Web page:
Upon arrival at the Lhasa People’s Hospital, they were directed to “Have a seat over there and fill out this form,” by the admitting nurse.
Mei was close to panic. “But, my father is very sick. He needs someone to look at him right away!”
The nurse took a quick glance at Lao Tse, before smiling. “I’m sure it’s nothing to worry about. Probably just a mild case of the flu. Your father should be fine in a few days.”
In the twenty-two minutes before he was examined—coughing and sneezing the entire time—he infected eleven people in the waiting room. All received treatment for the injuries or illnesses that had brought them there and then left the hospital before they became symptomatic.
Lao’s condition worsened and he passed out during the examination.
“Nurse!” the doctor called out. “Admit this man for observation.”
The doctor ordered intravenous electrolytes, and Tylenol to break the fever. However, by morning Lao’s temperature had risen to 106ºF; an ice bath did nothing to help and he began bleeding from his eyes, nose, ears, and rectum.
By the time doctors diagnosed hemorrhagic fever and quarantined the hospital, Lao had already infected two doctors, three nurses and an orderly. Fortunately, the doctors and nurses were still at the hospital when the quarantine occurred. However, the orderly had the next two days off and came down with “flu” symptoms while at home and spread the contagion further before seeking treatment.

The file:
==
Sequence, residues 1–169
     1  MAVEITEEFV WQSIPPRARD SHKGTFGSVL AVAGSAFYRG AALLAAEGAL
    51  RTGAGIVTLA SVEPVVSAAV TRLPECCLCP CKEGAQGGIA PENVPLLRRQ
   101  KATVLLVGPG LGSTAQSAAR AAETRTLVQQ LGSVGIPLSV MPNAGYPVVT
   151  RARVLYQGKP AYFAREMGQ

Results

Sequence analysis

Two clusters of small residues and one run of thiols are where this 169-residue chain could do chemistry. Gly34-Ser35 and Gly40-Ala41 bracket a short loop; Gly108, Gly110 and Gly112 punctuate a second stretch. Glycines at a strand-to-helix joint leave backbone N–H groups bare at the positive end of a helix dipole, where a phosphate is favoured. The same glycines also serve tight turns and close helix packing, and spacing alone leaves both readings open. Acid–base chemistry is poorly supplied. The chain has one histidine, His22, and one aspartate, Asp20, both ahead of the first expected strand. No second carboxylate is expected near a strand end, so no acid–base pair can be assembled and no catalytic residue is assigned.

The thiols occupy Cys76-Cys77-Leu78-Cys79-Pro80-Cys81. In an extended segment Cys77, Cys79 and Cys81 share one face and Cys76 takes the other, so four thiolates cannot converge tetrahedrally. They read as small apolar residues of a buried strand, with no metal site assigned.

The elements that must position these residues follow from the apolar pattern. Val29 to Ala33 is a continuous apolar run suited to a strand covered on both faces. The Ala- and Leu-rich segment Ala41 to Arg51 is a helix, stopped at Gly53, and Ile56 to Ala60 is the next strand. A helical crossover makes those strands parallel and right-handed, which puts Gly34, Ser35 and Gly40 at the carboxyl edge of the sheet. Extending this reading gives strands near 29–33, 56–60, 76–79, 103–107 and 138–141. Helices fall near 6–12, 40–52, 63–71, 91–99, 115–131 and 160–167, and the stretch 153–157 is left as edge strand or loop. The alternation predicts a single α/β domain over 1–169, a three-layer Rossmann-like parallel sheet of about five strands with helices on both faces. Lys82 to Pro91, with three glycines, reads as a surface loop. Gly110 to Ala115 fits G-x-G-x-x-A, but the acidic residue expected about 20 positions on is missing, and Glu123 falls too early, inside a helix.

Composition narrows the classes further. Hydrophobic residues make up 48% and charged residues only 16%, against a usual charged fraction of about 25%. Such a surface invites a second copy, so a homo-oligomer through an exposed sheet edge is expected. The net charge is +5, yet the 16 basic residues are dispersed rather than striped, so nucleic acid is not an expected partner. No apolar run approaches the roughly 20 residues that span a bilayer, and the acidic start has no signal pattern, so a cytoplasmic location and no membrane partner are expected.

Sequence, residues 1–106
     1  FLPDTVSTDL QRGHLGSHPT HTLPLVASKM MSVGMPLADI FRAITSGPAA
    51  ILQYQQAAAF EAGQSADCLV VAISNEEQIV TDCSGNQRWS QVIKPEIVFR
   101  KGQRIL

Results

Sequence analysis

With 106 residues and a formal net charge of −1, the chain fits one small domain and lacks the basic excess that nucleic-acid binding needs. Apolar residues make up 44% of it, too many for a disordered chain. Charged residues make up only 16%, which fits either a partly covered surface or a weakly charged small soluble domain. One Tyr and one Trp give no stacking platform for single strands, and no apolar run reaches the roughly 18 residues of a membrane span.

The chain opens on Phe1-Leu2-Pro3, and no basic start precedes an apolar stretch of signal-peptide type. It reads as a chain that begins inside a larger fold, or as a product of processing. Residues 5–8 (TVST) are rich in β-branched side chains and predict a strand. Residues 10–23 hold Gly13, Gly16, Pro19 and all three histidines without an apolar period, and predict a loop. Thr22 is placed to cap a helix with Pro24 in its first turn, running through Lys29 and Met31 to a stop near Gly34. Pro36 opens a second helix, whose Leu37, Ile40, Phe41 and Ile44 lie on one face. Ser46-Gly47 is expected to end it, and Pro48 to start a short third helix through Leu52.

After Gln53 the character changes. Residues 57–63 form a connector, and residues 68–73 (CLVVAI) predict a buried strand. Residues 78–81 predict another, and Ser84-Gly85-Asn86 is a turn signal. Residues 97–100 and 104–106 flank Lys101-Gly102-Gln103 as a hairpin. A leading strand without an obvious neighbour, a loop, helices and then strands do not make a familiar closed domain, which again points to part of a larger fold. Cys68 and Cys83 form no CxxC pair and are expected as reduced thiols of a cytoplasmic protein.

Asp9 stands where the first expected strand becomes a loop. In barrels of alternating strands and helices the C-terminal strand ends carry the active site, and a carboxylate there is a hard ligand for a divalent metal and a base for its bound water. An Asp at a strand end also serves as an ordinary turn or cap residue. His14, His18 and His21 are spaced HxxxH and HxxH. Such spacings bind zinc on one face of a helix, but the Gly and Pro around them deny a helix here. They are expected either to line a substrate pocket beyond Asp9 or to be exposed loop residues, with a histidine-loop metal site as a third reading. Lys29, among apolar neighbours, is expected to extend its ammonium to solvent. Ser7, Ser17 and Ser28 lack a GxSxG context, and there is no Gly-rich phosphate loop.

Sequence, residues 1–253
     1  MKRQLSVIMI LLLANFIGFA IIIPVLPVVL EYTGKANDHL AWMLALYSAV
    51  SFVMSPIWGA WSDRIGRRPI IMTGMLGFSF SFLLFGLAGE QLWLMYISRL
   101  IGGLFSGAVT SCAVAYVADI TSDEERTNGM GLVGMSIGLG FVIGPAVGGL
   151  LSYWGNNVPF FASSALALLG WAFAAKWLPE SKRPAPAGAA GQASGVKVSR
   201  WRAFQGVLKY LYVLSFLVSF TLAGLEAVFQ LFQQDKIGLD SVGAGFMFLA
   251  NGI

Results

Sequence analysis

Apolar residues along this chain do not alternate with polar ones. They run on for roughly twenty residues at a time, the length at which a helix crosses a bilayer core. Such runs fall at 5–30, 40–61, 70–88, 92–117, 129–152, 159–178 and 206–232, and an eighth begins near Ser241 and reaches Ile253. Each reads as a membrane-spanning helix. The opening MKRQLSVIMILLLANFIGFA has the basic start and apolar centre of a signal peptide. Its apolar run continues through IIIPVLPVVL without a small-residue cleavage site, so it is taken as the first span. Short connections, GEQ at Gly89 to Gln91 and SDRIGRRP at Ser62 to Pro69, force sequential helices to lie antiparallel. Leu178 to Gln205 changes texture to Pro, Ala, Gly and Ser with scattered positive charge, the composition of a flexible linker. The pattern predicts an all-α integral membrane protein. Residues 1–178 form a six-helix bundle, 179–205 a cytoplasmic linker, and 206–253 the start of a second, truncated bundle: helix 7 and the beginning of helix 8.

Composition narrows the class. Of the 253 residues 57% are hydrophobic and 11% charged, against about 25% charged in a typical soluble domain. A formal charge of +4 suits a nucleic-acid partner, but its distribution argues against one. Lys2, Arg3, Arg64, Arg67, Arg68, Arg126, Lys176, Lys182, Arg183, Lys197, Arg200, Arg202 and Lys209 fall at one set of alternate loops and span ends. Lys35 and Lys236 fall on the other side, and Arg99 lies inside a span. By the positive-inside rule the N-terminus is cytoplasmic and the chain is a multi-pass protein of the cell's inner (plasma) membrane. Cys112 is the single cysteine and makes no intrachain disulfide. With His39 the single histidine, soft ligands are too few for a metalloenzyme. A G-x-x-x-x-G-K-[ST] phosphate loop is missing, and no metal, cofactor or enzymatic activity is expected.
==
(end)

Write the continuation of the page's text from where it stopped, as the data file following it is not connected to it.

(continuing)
As soon as new patients began to arrive with hemorrhagic fever symptoms, the hospital contacted the government, which immediately locked down the city and alerted the World Health Organization (WHO).
It was already too late. The merchants Lao Tse had infected days earlier in turn infected others in his village and surrounding ones. Several had traveled to other towns and spread the contagion further.
Lao Tse, Patient Zero, died three days later.
* * * *
April 2, 2033:
“Hemorrhagic Fever virus believed to have originated in Tibet; spread to China.”
CNN Headline News, April 4, 2033:
“Tibetan virus escapes China; thousands infected throughout East Asia. WHO warns neighboring countries to take precautions.”
Der Spiegel International (English), April 10, 2033:
“Germany closes borders to travelers from East Asia.”
USA Today, April 14, 2033:
“Virus immune to vaccines”
New York Times, April 17, 2033:
“CDC: ‘Not Enough Time’”
Paris Match headline (translated), April 25, 2033:
“112 MILLION BELIEVED INFECTED”
Chicago Tribune, April 26, 2033:
“President McKinnon dead! Marshal Law declared!”